Apple’s shares have decreased by 9.5% because of the company’s dependence on Chinese factories and consumers. Apple was the first technology firm that stated that the epidemic was impacting its production and demand in mainland China. Moreover, Apple was forced to temporarily close 42 stores in January, most of them have not reopened yet. Microsoft stated that its computing business, which includes the Surface laptops, tablets, and Windows installation, would likely record lower sales than expected. The shares of the company fell 4% on February 27, after the company revealed that its supply chain was taking longer to return to normal operations than predicted. Mastercard Ind and PayPal Holdings Inc have also warned a likely economic impact. Experts warned that Dell Technologies Inc and Lenovo Group are also at risk of suffering economic obstacles.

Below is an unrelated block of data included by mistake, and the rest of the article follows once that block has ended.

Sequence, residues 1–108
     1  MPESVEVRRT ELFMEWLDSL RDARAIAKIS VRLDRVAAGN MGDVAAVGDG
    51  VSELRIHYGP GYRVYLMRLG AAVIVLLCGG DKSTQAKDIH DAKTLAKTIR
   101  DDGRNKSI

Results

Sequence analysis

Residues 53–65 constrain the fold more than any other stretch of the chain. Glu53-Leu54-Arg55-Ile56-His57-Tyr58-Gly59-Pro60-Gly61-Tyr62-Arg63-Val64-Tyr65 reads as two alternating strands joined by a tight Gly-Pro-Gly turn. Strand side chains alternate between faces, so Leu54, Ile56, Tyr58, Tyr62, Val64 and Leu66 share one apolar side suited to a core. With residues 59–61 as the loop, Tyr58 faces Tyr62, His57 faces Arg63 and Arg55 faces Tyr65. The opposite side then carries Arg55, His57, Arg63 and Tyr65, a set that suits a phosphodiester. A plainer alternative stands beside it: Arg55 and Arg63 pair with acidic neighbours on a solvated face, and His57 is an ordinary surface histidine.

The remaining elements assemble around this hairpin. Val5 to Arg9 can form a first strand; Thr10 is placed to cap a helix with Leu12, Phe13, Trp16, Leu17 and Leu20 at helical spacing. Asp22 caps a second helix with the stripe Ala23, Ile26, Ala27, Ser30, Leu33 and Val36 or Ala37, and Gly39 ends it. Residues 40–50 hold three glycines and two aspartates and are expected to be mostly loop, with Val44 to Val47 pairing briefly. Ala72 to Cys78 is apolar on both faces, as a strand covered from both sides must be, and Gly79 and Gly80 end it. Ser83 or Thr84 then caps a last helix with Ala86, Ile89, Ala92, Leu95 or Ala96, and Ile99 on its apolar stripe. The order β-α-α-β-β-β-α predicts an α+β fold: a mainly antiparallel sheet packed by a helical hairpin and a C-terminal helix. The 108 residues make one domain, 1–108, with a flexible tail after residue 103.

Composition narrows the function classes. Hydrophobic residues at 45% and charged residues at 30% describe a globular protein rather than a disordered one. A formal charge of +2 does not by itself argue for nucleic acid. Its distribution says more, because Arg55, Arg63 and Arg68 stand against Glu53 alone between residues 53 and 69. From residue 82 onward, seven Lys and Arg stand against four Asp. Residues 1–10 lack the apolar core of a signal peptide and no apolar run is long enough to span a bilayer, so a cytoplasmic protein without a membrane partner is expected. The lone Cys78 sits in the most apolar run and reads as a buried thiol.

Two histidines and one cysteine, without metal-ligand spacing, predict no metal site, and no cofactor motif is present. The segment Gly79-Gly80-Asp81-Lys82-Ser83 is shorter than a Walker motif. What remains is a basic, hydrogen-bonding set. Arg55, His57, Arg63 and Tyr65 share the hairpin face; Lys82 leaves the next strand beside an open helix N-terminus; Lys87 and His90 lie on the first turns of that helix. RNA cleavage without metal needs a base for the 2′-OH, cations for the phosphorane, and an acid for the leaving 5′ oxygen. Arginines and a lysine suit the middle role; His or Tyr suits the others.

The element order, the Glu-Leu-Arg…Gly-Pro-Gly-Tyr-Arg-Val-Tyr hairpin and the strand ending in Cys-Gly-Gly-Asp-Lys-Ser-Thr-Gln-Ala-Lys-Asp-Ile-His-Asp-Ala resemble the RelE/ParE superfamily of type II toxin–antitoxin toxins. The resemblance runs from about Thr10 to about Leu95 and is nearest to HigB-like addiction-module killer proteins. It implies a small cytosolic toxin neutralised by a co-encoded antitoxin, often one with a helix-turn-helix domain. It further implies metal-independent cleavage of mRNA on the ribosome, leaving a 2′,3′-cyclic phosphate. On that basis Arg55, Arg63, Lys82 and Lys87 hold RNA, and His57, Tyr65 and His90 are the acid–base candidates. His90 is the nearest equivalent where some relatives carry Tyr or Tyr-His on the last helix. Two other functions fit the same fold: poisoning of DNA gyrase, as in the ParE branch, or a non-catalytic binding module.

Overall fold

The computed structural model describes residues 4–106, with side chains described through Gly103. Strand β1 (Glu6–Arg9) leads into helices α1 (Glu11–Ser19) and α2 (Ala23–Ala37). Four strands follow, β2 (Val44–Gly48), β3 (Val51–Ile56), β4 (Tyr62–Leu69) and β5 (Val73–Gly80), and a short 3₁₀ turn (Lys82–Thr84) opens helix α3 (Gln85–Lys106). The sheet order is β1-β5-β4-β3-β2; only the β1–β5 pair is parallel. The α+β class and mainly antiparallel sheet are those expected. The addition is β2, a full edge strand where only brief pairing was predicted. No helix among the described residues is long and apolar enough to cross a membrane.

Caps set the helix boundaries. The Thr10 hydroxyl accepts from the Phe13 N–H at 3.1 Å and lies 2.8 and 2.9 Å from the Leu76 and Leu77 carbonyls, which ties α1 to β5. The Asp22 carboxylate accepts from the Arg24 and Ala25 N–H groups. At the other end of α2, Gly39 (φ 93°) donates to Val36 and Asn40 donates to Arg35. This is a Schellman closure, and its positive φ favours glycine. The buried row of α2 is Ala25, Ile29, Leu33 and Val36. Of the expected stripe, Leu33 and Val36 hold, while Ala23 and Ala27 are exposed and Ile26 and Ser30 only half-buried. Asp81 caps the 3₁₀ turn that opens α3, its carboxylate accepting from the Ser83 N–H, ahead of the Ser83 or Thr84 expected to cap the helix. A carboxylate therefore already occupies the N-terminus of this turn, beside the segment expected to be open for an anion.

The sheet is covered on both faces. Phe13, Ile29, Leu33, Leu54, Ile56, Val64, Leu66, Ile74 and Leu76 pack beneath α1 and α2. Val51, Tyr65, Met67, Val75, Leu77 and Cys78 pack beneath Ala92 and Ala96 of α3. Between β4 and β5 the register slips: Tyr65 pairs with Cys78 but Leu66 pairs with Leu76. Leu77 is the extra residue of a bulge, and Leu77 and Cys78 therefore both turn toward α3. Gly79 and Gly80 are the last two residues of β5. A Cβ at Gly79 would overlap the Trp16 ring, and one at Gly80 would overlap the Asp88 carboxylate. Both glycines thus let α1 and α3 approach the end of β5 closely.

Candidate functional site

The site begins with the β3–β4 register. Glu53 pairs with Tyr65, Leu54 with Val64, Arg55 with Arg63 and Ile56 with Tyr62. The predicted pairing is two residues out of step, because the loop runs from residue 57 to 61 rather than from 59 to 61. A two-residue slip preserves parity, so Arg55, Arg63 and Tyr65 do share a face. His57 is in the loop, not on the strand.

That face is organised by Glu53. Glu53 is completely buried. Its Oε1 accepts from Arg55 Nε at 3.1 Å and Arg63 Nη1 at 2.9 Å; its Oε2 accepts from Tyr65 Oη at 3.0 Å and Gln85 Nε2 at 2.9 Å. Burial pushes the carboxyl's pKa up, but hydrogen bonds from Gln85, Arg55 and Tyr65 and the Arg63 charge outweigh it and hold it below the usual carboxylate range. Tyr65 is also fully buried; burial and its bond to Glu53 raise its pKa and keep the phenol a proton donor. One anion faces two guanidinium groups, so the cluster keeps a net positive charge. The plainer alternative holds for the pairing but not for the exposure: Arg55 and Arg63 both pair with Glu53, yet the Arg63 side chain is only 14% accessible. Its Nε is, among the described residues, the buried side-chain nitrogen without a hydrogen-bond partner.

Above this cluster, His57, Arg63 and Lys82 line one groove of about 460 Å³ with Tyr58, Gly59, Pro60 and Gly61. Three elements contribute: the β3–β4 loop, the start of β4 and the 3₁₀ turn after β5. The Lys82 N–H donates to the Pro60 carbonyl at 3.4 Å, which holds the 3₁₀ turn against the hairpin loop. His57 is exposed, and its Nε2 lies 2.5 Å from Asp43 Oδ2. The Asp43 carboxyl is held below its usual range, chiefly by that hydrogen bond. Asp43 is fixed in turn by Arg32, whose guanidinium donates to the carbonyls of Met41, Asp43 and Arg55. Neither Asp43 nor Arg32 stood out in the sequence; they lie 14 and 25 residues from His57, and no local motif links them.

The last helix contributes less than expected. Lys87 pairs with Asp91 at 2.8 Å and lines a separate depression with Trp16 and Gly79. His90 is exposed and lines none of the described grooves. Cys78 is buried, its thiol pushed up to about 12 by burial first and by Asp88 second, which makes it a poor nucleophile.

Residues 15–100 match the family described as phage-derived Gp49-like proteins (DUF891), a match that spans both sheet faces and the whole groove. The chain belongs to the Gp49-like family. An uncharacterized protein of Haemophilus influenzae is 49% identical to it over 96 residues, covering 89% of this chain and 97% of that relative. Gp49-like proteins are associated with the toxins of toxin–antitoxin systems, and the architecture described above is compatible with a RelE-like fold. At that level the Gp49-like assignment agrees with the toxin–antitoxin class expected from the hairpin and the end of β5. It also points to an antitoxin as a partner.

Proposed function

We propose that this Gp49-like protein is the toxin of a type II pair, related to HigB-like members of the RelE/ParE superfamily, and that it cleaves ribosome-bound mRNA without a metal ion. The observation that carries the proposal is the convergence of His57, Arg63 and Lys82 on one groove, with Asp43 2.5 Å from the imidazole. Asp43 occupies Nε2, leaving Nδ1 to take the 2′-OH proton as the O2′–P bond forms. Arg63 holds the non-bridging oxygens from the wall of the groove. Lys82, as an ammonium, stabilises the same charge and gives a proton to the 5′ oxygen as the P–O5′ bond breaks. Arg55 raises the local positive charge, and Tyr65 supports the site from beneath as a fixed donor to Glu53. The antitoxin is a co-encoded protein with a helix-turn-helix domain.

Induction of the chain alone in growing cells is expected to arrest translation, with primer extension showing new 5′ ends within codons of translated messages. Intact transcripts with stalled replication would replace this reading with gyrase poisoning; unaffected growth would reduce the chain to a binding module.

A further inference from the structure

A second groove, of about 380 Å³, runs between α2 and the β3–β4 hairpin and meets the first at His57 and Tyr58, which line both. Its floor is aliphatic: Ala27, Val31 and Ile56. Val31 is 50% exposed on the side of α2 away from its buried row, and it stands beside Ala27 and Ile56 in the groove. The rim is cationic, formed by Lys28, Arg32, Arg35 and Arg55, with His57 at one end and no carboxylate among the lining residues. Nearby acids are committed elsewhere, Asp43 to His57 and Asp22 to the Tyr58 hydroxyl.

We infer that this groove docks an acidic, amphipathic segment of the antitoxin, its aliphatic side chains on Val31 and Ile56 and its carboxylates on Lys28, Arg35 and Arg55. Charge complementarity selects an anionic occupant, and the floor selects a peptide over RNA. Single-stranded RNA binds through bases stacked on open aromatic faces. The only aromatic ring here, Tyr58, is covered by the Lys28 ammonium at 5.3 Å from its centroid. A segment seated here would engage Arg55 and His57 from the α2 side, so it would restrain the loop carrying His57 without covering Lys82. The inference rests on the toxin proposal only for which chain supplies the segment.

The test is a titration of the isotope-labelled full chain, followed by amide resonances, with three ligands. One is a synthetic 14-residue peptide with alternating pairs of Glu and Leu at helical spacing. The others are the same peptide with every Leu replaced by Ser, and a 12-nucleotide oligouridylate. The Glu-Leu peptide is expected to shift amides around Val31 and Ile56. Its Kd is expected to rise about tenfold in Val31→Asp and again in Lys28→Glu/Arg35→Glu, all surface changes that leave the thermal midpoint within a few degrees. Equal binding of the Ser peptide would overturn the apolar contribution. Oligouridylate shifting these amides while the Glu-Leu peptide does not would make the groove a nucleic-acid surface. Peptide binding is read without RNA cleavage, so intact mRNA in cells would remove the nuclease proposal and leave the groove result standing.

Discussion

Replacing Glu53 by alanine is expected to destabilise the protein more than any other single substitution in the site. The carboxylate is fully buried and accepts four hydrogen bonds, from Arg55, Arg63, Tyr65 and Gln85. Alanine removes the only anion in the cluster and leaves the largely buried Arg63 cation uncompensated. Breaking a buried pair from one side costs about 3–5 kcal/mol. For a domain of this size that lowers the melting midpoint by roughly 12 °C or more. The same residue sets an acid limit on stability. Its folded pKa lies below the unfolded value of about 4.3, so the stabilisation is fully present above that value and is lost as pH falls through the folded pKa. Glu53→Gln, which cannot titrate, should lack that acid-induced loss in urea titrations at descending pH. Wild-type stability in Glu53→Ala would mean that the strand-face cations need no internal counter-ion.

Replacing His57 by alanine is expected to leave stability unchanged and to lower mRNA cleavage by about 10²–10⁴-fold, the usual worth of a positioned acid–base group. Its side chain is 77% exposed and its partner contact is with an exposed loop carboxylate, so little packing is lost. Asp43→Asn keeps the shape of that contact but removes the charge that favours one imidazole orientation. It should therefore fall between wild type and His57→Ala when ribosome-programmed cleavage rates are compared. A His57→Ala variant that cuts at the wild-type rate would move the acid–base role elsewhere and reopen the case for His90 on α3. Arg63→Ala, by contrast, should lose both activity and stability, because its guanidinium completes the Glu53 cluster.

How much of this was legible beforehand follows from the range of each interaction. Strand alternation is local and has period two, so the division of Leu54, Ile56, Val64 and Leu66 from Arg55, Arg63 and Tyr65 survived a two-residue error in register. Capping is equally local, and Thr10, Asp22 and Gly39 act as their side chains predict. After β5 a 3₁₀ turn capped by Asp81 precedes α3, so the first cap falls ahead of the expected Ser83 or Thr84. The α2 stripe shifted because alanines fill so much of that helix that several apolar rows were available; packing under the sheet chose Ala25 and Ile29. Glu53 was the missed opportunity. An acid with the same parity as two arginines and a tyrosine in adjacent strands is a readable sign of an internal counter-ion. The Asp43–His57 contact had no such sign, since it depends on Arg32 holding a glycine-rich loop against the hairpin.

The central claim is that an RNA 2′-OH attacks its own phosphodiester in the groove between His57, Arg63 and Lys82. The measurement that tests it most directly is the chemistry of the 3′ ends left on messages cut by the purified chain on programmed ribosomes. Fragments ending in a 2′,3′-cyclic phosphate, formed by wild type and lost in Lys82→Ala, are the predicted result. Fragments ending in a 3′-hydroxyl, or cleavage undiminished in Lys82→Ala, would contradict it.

China is pushing its tech companies to develop electronic products to aid the fight against the COVID-19. The Chinese Ministry of Science and Technology urged the tech sector to help face this crisis, suggesting the production of temperature screening machines, robots, and devices to reduce human contact. In February, Tencent (TCEHHY) opened a super-computing facility that will produce machines that run calculations faster than an ordinary personal computer, to help researchers reach a cure. Didi, one of the significant ride-hailing providers, offered services for free to medical organizations who need to perform tasks linked with data analysis, logistical support, or online stimulation. Chinese e-commerce has provided robots to deliver products to medical workers in Wuhan. Hundreds of drones have also been implemented across mainland China to monitor the development of the outbreak.